3 past tenses in English for telling stories

Have you ever tried telling a story to a friend and well, you start having all sorts of difficulties with the tenses? Especially the past tenses in English?

Like Romain, in today’s lesson. He mixes up all his past tenses in English:

“Hey Christina, guess what happened yesterday? I drove my tram and I see Patrick! He went to get a pizza for dinner because he forgets to go to buy groceries on his way home from work earlier.”

Does this sound like you when you’re telling a story in English?

You’ve been speaking English for 10 years, but you’re still confused with the past tenses in English. Don’t worry, today you’ll learn how to tell stories with the correct tenses in English. Let’s go!


The hard part about telling stories, is that you mix up all the tenses.  English, there are 3 past tenses we use very often to tell stories:

Past simple: I did, I went, I ate, etc.
Past continuous: I was doing, I was going, I was eating
Past Perfect Simple: I had done, I had gone, and I had eaten.

To use these tenses, you’ll need to be a conjugation ninja!

It helps if you know how to conjugate the verbs. I like this table of tenses in English, from Englisch-hilfen.de. It’s very complete, so print it and put it on your fridge!

Problems with grammar tenses - WTF promo button


You already know that for the past simple, there are regular verbs and irregular verbs.
If the verb is regular, it’s easy, you just add -ed to the verb: lived, tried, visited, waited,  watched, finished. Just the pronunciation changes, and if you want, I can make a lesson on how to pronounce -ed in regular verbs. Just let me know in the comments.
If the verb is irregular, you just have to learn the past simple conjugation.You have a lesson dedicated to the 8 most common irregular verbs in English here.

So the structure of the past simple is pretty simple, you just have to learn the irregular verbs.

And remember, you use past simple verbs when the action is finished. Last week, yesterday, etc.

Watch the lesson to find out! Watch the video lesson for some examples, used in a conversation between Romain and me.

In stories, we often combine the past simple with the past continuous.


For the past continuous, you’ll use “was” or “were”,plus the verb + -ing : I was driving, you were saying, he or she was going, we were thinking about, they were wondering.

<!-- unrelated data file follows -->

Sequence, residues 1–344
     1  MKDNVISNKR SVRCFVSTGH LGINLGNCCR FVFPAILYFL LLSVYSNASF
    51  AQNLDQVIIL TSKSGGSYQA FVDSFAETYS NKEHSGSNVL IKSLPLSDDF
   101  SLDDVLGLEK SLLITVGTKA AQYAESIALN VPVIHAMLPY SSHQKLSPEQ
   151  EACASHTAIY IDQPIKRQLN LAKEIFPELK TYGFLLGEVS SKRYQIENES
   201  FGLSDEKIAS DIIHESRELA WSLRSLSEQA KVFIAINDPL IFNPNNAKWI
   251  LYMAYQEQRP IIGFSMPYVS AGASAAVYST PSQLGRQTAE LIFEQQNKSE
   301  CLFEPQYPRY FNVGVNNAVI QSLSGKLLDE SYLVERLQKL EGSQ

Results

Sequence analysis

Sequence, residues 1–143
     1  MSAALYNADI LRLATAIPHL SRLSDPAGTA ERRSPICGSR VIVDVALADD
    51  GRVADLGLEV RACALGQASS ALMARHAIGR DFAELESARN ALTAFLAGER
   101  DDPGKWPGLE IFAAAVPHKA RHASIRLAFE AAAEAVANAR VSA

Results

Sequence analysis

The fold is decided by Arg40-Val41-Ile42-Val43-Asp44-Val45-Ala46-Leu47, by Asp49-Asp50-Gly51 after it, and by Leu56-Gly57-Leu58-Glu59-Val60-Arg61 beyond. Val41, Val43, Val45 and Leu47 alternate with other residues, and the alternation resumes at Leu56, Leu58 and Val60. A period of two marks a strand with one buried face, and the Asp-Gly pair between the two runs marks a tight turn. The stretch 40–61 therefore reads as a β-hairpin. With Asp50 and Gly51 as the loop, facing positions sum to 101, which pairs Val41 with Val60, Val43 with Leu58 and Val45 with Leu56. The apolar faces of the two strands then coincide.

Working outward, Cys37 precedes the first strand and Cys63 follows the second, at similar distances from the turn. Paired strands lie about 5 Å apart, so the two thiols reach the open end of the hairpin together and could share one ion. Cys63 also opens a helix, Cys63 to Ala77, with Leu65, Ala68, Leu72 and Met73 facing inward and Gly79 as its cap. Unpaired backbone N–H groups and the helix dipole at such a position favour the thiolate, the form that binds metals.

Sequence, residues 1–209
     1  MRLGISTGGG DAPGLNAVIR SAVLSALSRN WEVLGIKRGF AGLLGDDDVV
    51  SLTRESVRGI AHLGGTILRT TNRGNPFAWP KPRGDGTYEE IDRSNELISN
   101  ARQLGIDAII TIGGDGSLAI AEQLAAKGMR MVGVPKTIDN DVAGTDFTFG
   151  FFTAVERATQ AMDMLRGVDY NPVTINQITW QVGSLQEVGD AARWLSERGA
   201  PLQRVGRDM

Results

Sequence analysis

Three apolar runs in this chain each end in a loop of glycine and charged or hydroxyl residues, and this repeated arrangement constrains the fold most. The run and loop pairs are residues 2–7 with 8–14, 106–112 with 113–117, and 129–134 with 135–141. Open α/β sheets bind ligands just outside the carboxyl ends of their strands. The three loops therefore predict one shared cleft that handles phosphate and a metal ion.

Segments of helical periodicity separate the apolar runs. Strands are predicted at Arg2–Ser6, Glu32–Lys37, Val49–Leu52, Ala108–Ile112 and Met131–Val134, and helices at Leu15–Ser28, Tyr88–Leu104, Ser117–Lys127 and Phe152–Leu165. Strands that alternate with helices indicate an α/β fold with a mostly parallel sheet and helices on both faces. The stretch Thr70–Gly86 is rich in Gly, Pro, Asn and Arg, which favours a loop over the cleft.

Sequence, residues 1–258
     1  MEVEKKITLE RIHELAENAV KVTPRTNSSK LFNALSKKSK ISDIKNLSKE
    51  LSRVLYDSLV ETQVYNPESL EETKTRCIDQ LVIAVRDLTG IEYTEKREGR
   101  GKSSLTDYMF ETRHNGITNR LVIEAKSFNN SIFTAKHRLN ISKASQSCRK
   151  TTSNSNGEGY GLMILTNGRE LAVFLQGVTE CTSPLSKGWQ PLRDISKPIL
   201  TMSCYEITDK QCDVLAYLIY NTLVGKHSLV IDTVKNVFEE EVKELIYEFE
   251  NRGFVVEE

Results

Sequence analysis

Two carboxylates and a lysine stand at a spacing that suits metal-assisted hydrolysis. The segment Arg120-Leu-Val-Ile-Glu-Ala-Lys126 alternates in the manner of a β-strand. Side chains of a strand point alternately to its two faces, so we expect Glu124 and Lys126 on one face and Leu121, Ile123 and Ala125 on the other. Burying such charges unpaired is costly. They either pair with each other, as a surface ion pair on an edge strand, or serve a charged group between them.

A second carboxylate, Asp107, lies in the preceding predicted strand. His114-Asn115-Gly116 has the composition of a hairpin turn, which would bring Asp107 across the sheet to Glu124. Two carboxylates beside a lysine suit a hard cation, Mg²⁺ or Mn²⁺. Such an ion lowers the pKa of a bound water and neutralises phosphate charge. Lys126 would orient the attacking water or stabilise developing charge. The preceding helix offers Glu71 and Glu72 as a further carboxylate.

Those are a few verbs we often use in the past continuous. Of course, your choice of “was” or “were” depends on the subject of your sentence. I was, you were, etc.

You can play a game and test yourself on the past continuous in the video lesson!

Which action was longer, like a background action?
Which past action was a shorter?

Past tenses image


For the past perfect simple, you’ll use “had” No conjugation it’s always “had” Yay! So “had”, plus the past participle. That’s the 3rd column on the list of irregular verbs. You have a conjugation challenge!

Let’s see some examples:
My computer crashed and I realized I’d forgotten to save everything.
I got to work and I realized I’d left my lunch at home.
And then, the fire alarm went off! Fortunately, we had finished the job interview.

We use the past perfect tense to describe an action that was more in the past than other past actions in our story.

Let’s take one of those examples:
I got to work and I realized I’d left my lunch at home. So I went out for lunch!
“I got to work”: let’s say that was at 9am.
“I realized”:  Probably just after, so 9:01 am.
“I’d left my lunch at home.”:  That was before, maybe at 8:30, when I left home.

So “I’d left” is more in the past than “I got to work” and “I realized”. That’s why it’s in the past perfect simple.


Have you ever had difficulties using these tenses to tell stories?
Do you have a secret to share about how you remember which tense to use?

Tell us in the comments because we can all learn from your stories and your tips!

And don’t forget to get your copy of “What the Faute?” Here’s the link again.


More English lessons...

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vocabulaire anglais aéroport
verbes irréguliers anglais


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